In Deuteronomy 12:21 G-d tells the Jewish people that when they arrive to their homeland and settle into the areas they will be assigned, "[t]hen you may slaughter of your herd and flock...as I have commanded you." Apparently this is a reference to a method of slaughter. Where is that commandment written down?
To quote Rashi, which you already know:
But this seems strange to me: Deuteronomy 12:20-28 seems to be a restatement of Deuteronomy 15-19. In particular, verse 21 seems to refer back to verses 15-16:
In the context of the chapter, offerings to the Lord must be made in the place where God chooses once the people of Israel settle across the Jordan. (That seems to have been Shiloh in the period of Joshua and Judges, but Jerusalem after David became king.) Altars to Canaanite gods were to be destroyed (see verses 2-4). Ritual killing of animals should not be done in the places where non-Israelites had sacrificed to their gods.
On the other hand, ordinary slaughter of animals could be done outside of the centralized place of worship. There's no particular restriction as long as the blood is drained from the animal, which is the restriction imposed on Noah and his descendants in Genesis 9. (For some reason, Rashi says that verse 12 refers to animals that were originally designated for sacrifice and later became blemished. I don't see any evidence for that in the text.)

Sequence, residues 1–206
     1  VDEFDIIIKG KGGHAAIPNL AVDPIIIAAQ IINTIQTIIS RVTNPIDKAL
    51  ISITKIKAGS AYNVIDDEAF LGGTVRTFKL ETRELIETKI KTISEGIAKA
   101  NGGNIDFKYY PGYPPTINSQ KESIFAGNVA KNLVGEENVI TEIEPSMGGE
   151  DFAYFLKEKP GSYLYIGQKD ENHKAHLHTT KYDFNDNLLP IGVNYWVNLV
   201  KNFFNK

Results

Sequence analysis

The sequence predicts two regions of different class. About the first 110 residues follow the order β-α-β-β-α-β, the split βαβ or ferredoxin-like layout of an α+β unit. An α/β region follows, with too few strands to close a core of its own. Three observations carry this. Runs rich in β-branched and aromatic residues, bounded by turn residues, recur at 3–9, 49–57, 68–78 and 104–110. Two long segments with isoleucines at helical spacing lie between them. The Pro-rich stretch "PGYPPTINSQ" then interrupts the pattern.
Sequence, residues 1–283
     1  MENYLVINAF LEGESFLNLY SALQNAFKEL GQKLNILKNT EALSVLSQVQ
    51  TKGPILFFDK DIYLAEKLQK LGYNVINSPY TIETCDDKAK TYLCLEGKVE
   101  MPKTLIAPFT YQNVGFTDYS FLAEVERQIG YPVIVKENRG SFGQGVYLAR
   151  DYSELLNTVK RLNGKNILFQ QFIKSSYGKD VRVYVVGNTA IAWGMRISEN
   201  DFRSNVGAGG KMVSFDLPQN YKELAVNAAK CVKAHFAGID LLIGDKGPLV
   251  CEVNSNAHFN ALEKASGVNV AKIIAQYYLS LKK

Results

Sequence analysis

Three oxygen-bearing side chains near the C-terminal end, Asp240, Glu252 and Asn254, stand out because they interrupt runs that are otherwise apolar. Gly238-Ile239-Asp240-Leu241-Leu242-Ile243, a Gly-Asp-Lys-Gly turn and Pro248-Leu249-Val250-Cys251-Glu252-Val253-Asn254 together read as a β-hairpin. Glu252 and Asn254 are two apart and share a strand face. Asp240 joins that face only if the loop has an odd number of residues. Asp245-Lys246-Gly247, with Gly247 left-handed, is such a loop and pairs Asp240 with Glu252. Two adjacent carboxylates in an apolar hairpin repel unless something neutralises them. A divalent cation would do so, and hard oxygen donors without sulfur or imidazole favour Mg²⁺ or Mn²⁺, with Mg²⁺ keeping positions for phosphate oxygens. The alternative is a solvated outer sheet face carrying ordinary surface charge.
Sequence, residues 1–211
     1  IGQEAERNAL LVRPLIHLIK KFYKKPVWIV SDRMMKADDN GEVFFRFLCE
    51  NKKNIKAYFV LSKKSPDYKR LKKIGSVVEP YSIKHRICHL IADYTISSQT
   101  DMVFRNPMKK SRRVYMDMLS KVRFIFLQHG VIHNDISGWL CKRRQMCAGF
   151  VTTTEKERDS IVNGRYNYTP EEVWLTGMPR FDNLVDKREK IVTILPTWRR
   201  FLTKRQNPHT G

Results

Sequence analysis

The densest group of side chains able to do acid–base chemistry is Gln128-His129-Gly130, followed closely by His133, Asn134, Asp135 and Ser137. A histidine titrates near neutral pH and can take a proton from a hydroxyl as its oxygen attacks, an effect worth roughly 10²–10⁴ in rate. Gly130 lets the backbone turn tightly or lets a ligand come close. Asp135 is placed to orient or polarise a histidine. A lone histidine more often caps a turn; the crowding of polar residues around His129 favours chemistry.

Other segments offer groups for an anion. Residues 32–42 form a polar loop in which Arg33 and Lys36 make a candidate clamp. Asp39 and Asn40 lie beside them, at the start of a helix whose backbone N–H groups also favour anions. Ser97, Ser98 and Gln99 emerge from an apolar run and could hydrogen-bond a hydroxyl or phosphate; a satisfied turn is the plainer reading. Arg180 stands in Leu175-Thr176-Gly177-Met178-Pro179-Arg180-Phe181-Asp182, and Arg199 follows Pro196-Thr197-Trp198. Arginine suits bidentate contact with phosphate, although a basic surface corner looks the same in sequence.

Why two statements of the same thing?
But this interpretation leaves a small puzzle: why the repetition? Note that the first statement expresses a concern for the Levites, who do not receive an inheritance, but are given the fruit of the tithe. The concern seems to be that if people slaughter their animals at home instead of going to the temple, the Levites will not be provided for. So the first statement of the allowance ends with an admonition to not neglect the Levite.
The second statement begins with an acknowledgment that when the territory of Israel expands, some people will live further away from the sacrificial center than others. Rather than give up eating meat, those people should feel free to butcher animals where ever they live as long as they continue to follow the regulations that God has already given them. In this case, the concern is for the people who live in distant towns.